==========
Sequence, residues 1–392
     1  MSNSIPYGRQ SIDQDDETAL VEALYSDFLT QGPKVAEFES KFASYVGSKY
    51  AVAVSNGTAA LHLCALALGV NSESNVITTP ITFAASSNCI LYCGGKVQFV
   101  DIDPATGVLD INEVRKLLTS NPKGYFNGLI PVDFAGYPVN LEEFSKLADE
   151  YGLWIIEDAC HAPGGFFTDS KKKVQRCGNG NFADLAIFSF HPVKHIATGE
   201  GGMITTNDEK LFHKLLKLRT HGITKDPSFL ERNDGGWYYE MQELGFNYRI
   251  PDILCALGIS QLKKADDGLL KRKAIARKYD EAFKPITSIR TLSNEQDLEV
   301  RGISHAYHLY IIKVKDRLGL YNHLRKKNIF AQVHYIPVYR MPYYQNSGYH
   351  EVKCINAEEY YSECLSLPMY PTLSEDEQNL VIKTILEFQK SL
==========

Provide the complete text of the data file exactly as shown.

Sequence, residues 1–392
     1  MSNSIPYGRQ SIDQDDETAL VEALYSDFLT QGPKVAEFES KFASYVGSKY
    51  AVAVSNGTAA LHLCALALGV NSESNVITTP ITFAASSNCI LYCGGKVQFV
   101  DIDPATGVLD INEVRKLLTS NPKGYFNGLI PVDFAGYPVN LEEFSKLADE
   151  YGLWIIEDAC HAPGGFFTDS KKKVQRCGNG NFADLAIFSF HPVKHIATGE
   201  GGMITTNDEK LFHKLLKLRT HGITKDPSFL ERNDGGWYYE MQELGFNYRI
   251  PDILCALGIS QLKKADDGLL KRKAIARKYD EAFKPITSIR TLSNEQDLEV
   301  RGISHAYHLY IIKVKDRLGL YNHLRKKNIF AQVHYIPVYR MPYYQNSGYH
   351  EVKCINAEEY YSECLSLPMY PTLSEDEQNL VIKTILEFQK SL